The entropy of a system always increases during irreversible processes; i.e., for a reversible process, dS = 0, whereas for irreversible processes dS >0. This is the Second Law of Thermo--better known as "You can't feed s**t into the rear of a horse and get hay out the front."
If a mineral becomes more ordered during a reaction, reducing its entropy, the heat liberated must increase the entropy of the surroundings by an even greater amount. Thus, we write then and recalling that then and In other words, the vibrational entropy can be found by integrating the heat capacity divided by temperature.
In a perfectly ordered, pure crystalline material the entropy is zero. This is a simple statement of the Third Law of Thermo, which follows from the fact that heat capacities approach zero at zero K: However, because the rate of atomic diffusion also goes to zero at 0 K, all compounds have some zero-point entropy S°0.
Entropy is thus the only thermodynamic potential for which we can calculate an absolute value. What we typically do is determine the heat capacity from near absolute zero to ambient conditions and then integrate it to get the (absolute) entropy (in fact this gives us only the vibrational entropy and ignores configurational and electronic contributions to entropy).

Entropy Change of Reaction

Just like rH and rV, we can calculate entropies of reactions by using absolute entropies S and calculating a difference in entropy rS. For example, if we know that then the entropy of the reaction is rS° = 106.7 - 41.42 - 31.80 - 2 * 205.138 = -376.8 J mol-1 K-1

Energy Associated With Entropy

The units of entropy suggest that the energy associated with S scales with temperature: (The minus sign is there for reasons similar to the -PV we encountered earlier.)
The energy associated with configurational entropy in the Al4Si5 cordierite we talked about earlier looks like this:

The energy associated with vibrational entropy in tremolite, quartz, and chalcopyrite looks like this:

(Josiah Willard) Gibbs Free Energy of a Phase

The Gibbs free energy G is the thermodynamic potential that tells us which way a reaction goes at a given set of physical conditions--neither the enthalpy change nor the entropy change for a reaction alone can provide us with this information. The two measures of energy (enthalpy H and entropic energy TS) are brought together in the Gibbs free energy equation: (the chemical potential is the equivalent for a component) which says that the Gibbs free energy G is the internal energy of the crystal U plus the energy the crystal gains by virtue of not being allowed to expand minus the entropic energy TS. Recalling that we can write this in a more understandable way which says that G is the difference between the heat energy and the entropic energy.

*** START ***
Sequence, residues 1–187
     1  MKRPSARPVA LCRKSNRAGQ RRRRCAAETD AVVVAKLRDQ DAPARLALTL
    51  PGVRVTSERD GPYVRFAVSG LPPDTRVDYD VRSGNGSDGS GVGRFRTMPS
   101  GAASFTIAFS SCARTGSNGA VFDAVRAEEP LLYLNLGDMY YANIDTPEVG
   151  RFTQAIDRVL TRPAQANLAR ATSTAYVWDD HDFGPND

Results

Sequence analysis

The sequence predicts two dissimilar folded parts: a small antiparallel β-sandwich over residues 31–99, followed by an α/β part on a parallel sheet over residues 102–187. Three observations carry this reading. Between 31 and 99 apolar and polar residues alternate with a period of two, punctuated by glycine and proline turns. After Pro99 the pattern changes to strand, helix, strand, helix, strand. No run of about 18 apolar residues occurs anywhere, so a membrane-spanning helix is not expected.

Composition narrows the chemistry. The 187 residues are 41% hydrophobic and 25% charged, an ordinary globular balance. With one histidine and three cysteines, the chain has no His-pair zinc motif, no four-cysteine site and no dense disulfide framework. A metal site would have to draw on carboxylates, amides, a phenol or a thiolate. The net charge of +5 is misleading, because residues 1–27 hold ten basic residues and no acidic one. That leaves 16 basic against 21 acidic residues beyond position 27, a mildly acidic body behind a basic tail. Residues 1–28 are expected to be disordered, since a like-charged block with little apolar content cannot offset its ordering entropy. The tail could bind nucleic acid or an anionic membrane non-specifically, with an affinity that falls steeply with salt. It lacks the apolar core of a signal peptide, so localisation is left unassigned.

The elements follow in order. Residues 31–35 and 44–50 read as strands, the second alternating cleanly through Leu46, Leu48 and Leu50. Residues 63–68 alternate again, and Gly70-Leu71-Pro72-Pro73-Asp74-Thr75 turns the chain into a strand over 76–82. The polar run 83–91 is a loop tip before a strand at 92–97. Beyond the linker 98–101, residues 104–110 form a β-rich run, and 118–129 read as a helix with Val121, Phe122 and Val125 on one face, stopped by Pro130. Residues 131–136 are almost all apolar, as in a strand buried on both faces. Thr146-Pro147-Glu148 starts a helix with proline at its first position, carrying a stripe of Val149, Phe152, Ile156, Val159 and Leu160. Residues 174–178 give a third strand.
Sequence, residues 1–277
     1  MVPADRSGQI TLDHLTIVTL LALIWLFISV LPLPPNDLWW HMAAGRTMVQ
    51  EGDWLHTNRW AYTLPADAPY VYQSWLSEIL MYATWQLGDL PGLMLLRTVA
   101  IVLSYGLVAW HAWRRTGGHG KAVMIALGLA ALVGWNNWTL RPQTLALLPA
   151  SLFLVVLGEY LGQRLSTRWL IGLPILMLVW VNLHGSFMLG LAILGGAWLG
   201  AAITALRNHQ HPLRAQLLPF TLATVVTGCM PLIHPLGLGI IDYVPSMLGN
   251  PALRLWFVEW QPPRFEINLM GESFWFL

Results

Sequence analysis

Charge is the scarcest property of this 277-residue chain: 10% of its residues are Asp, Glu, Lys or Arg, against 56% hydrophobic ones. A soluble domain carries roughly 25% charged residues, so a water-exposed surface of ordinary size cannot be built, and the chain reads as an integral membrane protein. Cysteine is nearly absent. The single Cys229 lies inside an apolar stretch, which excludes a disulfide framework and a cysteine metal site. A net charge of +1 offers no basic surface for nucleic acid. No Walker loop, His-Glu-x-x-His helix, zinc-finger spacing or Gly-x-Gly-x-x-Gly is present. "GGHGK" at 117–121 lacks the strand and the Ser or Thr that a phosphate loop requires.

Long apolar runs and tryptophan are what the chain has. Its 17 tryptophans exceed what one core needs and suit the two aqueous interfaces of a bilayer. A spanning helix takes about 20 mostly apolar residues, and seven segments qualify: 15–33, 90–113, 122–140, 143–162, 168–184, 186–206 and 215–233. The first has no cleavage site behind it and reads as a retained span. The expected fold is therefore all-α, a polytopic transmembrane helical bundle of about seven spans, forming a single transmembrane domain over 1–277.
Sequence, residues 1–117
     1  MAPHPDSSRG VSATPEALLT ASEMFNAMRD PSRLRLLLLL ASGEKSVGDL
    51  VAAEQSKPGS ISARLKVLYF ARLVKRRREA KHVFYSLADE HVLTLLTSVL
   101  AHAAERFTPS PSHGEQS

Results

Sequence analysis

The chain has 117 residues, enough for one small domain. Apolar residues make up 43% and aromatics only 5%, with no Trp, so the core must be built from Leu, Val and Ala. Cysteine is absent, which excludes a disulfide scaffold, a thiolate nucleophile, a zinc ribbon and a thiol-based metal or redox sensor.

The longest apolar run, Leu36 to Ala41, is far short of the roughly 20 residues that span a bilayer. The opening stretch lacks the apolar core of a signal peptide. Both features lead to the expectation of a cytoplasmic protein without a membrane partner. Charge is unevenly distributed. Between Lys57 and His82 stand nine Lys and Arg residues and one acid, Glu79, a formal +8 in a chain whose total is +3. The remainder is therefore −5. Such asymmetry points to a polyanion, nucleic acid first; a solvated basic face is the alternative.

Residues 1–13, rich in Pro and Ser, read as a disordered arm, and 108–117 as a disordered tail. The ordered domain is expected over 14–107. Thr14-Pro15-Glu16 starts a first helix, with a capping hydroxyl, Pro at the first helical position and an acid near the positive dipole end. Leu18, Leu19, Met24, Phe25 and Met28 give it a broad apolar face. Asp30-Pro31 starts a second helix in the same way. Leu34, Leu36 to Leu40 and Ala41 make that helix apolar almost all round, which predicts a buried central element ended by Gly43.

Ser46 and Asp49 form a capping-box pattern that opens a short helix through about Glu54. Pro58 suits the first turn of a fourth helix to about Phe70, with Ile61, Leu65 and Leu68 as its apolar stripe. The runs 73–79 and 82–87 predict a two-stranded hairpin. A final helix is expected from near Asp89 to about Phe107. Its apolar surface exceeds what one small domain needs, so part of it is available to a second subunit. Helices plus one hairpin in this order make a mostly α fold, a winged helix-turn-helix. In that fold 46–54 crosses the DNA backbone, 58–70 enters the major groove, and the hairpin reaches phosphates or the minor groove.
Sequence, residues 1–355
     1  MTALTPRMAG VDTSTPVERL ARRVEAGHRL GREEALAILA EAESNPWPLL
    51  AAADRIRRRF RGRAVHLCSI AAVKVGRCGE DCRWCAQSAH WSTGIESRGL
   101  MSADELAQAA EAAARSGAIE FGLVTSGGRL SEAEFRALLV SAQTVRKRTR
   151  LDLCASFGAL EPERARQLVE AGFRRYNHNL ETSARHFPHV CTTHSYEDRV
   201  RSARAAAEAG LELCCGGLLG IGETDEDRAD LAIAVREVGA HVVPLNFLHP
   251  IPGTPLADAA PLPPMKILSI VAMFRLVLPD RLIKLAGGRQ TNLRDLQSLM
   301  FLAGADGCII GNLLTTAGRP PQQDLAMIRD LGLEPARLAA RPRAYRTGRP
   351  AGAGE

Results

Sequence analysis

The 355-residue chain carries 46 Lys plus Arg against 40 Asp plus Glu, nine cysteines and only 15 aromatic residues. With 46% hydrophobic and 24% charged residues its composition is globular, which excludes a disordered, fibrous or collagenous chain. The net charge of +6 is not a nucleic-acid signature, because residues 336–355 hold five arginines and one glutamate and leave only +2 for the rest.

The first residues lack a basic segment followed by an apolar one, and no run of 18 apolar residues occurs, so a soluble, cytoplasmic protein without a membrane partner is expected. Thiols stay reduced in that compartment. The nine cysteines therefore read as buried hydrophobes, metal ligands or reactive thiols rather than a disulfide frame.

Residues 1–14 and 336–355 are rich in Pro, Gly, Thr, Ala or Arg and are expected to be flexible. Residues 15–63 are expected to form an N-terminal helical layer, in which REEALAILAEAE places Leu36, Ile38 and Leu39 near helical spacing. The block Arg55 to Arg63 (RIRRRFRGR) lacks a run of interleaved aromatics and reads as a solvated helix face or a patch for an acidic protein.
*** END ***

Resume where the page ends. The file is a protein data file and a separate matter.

Relationship Among G, S, and V

If we differentiate to obtain and substitute (this comes from dS = dQ/T and dU = dQ - PdV); we are left with meaning that changes in Gibbs free energy are produced by changes in pressure and temperature acting on the volume and entropy of a phase.
Realize that when we write we are implicitly writing which means that and These relations indicate that the change in Gibbs free energy with respect to pressure is the molar volume V and the change in Gibbs free energy with respect to temperature is minus the entropy S.

Gibbs Free Energy of Formation

The defining equation for Gibbs free energy can be written as such that the Gibbs free energy of formation fG° is For example, to calculate the Gibbs free energy of formation of anhydrite, we can use and we calculate the entropy of formation of anhydrite and then use

Gibbs Free Energy of Reaction

We can write the Gibbs free energy of reaction as the enthalpy change of reaction minus the entropic energy change of reaction If the heat energy equals the entropic energy then and there is no reaction. Finally we have come to a satisfying point--we can now determine whether a given reaction will occur if we know H and S, and both of these are measurable or can be calculated.